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Head Modeling Tutorial

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Date Added: 22nd June 2009
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988_tid_indian3.jpg
988_tid_Image1.jpeg
There are lot's of tutorials on the web about modeling a human head, so I won't go over the merits and differences of methods again. There are a few things worse of mentioning - you will get a more successful results if you will try to model an original face with interesting features - curved nose, scars or strong ethnic elements could make your rendering interesting and believable. The best thing to do, is to look into photographic book, National Geographic magazines or other things like that for inspiration. You can scan a picture and use it as your template for modeling. I use polymodeling for my human face, it gives more control, and less trouble while rendering.

First steps

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When you have your template image ready, go to Maya's front view, and in the camera attribute editor create an image plane, assign your template image to this plane.
With create polygon tool make a new polygon, which would outline the head silhouette. Use as little points as possible, and try to put them in places which would be usefull as the starting point for internal polygon edges.
Now it's time to split the first polygon vertically in the center, and then horizontally at the level of the eyebrows, eyes, and the lips. Delete the right or left side of the head (afterwards you will mirror it back, for now it's easier to work on one half) and split the remaining polygons a few times connecting them to the outer vertices.

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Try to stay with a as low vertice count as possible, you will have to pull them in 3d space to get the volume of the shape. Easiest to do this is by putting another template image (at least a simple pencil sketch of the profile) into your side view, and pull the vertices into the right position. Keep your model smooth shaded, and make all your edges soft to have a better feedback of what you are doing.
It isn't as difficult as it sounds, the basic shape will appear very quickly, you might want to add some more edges here and there to get it right, but still try to keep it as simple as possible for the next step.

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When you are happy with the basic shape of the head, it's time to apply a fantastic mel-script created by Dirk Bialluch "Connect Poly Shape". It mirrors your low poly head and creates another subdivided version of the head, which makes work so much easier. You tweak a few polys and vertices of low poly half, and see the result on both sides of the smooth version. You will get a very decent result in no time.

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Fig. 19

Add detail like eyes and ears, wrinkles (the more the beter) dimples etc. Remember, some of the facial detail you can get with bump map, but the main details are better to model, rendering results will be much better. Another issue - a human face is never symetric, but the result of using the half head technique is that you've got yourself a perfectly symetrical model. So when the basic modeling is done, disconnect smoothed shape, and work on both sides separately. The more differences there will be between the sides - the more realistic the final render will appear.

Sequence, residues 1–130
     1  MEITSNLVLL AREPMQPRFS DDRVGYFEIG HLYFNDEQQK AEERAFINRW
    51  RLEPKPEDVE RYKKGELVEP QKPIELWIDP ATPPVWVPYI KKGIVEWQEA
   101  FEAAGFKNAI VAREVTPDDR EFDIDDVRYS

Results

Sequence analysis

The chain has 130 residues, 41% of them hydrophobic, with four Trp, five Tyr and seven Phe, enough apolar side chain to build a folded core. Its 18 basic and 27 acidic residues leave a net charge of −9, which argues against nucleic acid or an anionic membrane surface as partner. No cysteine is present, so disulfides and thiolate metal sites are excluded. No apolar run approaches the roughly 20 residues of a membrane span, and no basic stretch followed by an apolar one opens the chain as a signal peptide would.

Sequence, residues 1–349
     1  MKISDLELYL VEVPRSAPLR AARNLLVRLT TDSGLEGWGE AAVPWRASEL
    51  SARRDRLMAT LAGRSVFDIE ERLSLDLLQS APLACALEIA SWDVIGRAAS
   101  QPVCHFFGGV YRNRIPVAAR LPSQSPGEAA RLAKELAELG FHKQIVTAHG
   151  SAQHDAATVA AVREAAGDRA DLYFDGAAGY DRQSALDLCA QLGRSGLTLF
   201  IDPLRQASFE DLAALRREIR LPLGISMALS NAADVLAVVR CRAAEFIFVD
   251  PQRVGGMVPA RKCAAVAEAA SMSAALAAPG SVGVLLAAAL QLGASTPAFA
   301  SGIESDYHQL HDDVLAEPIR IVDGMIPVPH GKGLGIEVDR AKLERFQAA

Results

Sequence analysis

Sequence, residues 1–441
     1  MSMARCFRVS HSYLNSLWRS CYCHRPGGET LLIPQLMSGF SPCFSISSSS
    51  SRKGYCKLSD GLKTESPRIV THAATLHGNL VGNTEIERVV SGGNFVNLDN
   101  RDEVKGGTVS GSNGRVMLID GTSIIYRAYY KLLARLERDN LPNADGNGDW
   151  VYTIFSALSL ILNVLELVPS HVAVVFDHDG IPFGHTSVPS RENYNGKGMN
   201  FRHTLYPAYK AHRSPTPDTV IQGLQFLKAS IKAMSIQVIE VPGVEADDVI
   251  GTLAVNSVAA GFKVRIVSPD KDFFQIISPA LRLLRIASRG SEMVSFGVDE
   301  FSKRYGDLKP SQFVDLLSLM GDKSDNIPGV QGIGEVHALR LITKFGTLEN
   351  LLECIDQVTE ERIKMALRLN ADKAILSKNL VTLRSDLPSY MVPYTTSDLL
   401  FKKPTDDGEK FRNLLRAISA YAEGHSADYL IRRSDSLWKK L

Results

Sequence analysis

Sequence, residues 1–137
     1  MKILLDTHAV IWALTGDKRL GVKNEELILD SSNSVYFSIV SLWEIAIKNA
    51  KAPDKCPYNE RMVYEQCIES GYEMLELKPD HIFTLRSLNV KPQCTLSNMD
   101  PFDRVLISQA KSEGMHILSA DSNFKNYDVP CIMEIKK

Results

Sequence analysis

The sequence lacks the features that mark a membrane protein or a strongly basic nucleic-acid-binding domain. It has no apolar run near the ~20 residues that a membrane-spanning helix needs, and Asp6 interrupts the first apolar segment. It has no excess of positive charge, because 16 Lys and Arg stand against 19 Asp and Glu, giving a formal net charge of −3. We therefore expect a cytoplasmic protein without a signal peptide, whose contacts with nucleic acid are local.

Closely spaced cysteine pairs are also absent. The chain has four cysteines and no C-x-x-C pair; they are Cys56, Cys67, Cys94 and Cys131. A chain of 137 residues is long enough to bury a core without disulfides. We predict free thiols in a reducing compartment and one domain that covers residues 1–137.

Human head shading

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For shading and rendering we will need other mel-scripts and plugins. The first of them - "AW goodies" is available from the Alias/Wavefront web site, and has the tool which we will need to accomplish our task - "UV snapshot". As it's name says - it creates a UV snapshot of your model, which makes texture painting task much easyer. Just asign spherical texturing for your polygon model and make the snapshot.
If you want to get any reasonable human face rendering, you have to use big textures at least 1024 x 1024, even better twice this size, so make a snapshot of your UV's in the resolution of texture to be. Remember, maya doesn't handle very well non-square textures, especially for bump maps, so try to stay with square sizes.

Textures

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If you have a good quality photo of the face you where modeling, you can use it for the texture with moderated changes to it, you will have to use some warp tools like Elstic Reality to mach your UV layout. Otherwise you can paint the texture yourself, and most of time it's much more interesting.
I always start with a bump map, it's the one which has to be re-used in other channels - specular and diffuse - the wrinkles and other features you create with bump changes physical properties of the skin etc..
Any paint program is good, I prefer Adobe Photoshop.

Bump Map

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Create a new document in Photoshop of your chosen size, make the background layer 50% gray and load your UV snapshot as a new layer. Change this layer mode to "Screen", reduce it's opacity to 50% and lock it, so you wouldn't paint on it by accident. The rest is left for your freedom and fantasy. I use 1px brush to paint small skin detail and texture, then duplicating layer and blurring it slightly.
Usually I paint lots of small wrinkles and details arround eyes lips and nose. I also create another gray layer and add gaussian monochrome noise to it, then overlaying it on my painted wrinkles, it gives a lot of fine variations. You also make some small starlike brush for painting bigger skin pores on the nose, chin and lips.


 
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